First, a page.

The Director of Public Prosecutions, Noordin Haji has ordered an investigation on tea factories in Kenya that were linked to sexual harassment in the BBC documentary; Sex for work.
The order by the DPP comes after parliament ordered an inquiry into the allegations. Deputy Speaker Gladys Shollei ordered a committee of Members of Parliament to complete an investigation into the allegations within two weeks.
The BBC found more than 70 women had been abused by their managers at plantations operated, for years, by two British companies, Unilever and James Finlay.
In the BBC investigation, workers revealed how top managers have for decades exploited women sexually with one woman revealing that she had been infected with HIV by her supervisor, after being pressured into having sex with him.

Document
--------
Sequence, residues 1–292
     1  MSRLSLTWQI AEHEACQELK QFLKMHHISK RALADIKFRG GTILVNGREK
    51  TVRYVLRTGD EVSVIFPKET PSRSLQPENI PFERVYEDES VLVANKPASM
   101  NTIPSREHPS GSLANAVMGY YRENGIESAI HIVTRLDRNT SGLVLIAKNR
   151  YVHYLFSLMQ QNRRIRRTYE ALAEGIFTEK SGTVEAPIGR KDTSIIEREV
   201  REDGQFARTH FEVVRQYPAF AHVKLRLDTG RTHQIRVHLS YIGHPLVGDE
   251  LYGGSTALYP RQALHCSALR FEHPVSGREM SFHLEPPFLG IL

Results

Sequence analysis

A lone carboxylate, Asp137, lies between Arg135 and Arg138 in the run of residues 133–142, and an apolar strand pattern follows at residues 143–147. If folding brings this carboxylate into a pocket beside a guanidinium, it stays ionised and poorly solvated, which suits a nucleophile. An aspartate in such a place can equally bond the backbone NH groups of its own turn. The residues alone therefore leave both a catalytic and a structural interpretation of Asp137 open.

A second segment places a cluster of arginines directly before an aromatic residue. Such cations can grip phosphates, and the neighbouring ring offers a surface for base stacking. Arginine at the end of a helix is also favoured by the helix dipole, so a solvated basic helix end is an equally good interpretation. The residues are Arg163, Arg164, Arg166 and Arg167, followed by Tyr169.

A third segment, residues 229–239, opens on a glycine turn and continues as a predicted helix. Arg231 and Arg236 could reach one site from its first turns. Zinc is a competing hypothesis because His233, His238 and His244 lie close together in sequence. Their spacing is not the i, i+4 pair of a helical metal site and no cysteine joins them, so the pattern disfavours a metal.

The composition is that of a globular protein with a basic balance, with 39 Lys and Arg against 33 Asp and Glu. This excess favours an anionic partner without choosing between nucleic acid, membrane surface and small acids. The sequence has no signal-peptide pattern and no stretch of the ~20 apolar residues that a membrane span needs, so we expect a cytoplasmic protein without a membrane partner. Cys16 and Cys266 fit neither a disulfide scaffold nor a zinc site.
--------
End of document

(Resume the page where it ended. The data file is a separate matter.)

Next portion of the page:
Unilever faced similar allegations more than 10 years ago and launched a “zero tolerance” approach to sexual harassment as well as a reporting system and other measures, but the BBC found evidence that allegations of sexual harassment were not being acted on.
#SexForWork has been trending on Twitter since the documentary premiered with netizens demanding for accountability from the tea firm owners.
UK High Commissioner to Kenya Jane Marriott has also called on investigative bodies in the country to take action following the sex for work expose by the BBC.
“I welcome the commitment by the companies to investigate, cooperate with the Kenyan authorities, and take action to protect staff in Kenya,” she said.